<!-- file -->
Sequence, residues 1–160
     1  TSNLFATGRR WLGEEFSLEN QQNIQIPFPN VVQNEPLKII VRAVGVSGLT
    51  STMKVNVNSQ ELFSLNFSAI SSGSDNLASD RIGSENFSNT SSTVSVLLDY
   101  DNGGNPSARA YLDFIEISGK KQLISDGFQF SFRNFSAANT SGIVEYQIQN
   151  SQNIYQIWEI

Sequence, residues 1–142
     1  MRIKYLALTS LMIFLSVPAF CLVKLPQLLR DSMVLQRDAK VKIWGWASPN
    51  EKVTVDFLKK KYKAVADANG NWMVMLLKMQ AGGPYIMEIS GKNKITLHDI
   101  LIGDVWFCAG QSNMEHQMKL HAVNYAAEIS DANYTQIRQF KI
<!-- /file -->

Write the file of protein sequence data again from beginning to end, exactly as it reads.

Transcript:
Sequence, residues 1–160
     1  TSNLFATGRR WLGEEFSLEN QQNIQIPFPN VVQNEPLKII VRAVGVSGLT
    51  STMKVNVNSQ ELFSLNFSAI SSGSDNLASD RIGSENFSNT SSTVSVLLDY
   101  DNGGNPSARA YLDFIEISGK KQLISDGFQF SFRNFSAANT SGIVEYQIQN
   151  SQNIYQIWEI

Sequence, residues 1–142
     1  MRIKYLALTS LMIFLSVPAF CLVKLPQLLR DSMVLQRDAK VKIWGWASPN
    51  EKVTVDFLKK KYKAVADANG NWMVMLLKMQ AGGPYIMEIS GKNKITLHDI
   101  LIGDVWFCAG QSNMEHQMKL HAVNYAAEIS DANYTQIRQF KI